The Gov, Adelaide
April 24, 2019
Jeremy Tomamak photos
One of the things that really got to me the very first time I saw the film "Alice's Restaurant" (on late night telly, back in the days when Adelaide only had four stations) was the mutation of black humour, intelligence, and improbability running through the film like a twisted thread of opal.
Not least is the fact that Arlo was (in 1967, at the height of the Vietnam War and the draft) declared by the US Army as “not moral enough to join the army.”
As Arlo told Rolling Stone: "I never thought of “Alice’s Restaurant” as being an anti-war song, but you can’t run a war being that stupid. You won’t succeed in the war and you won’t succeed in other things either. And I think that’s some of the lessons we still have yet to learn, you know?"
And tonight, I wonder what we're in for. His father, underground folk guitar hero Woody Guthrie, died of Huntington's disease (HD), also known as Huntington's chorea in 1967, at the age of 55, and when Arlo was just 20.
This is an intruiging and charmingly all-over-the-shop album on which this Sydney five-piece sheds its alt.country label and heads for a garage in a swamp. There's more variety in this Licourice than a pallet-load of Darrel Lea Allsorts.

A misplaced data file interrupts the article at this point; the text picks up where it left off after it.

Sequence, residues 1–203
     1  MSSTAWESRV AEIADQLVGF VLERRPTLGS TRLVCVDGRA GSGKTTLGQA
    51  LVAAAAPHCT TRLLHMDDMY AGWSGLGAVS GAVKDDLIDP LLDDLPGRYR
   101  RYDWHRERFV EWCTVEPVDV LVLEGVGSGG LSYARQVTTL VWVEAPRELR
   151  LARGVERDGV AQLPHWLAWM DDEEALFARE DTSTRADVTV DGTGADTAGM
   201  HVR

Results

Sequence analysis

The Ramalamas have been around for a decade or so, led by Chris Nielsen (vocals-guitar) and subsisting in their city’s fragmented live circuit while putting out a string of albums, of which this is their fourth. Nielsen name-checks the usual ‘60s references (Kinks, Stones) with a nod to the US West Coast’s psychedelic folk-pop scene.
As well as owning a serviceable pop voice and playing nifty guitar, Nielsen is an award-wininng illustrator and his work adorns the CD cover and inlay.
The World's Forgotten Boy. Miriam Williamson photo.
Sydney Opera House
Monday, April 15 2019
Miriam Williamson photos
Iggy Pop and band put the torch to the Sydney Opera House the same night that a fire devastated Notre Dame in Paris. Coincidence? I think not.
The Pop has been a semi-regular tourist to Australia since 1983 and I’ve caught him on every run but one. Stooges excepted, this was close to his high-point.
It is true that at age 71 - a pubic hair’s breadth away from bringing up 72 - James Osterberg moves a little more gingerly these days. The stage-dives are gone - at least where hard-backed seats are fixed to the floor - and he’s clearly pacing himself to go the distance.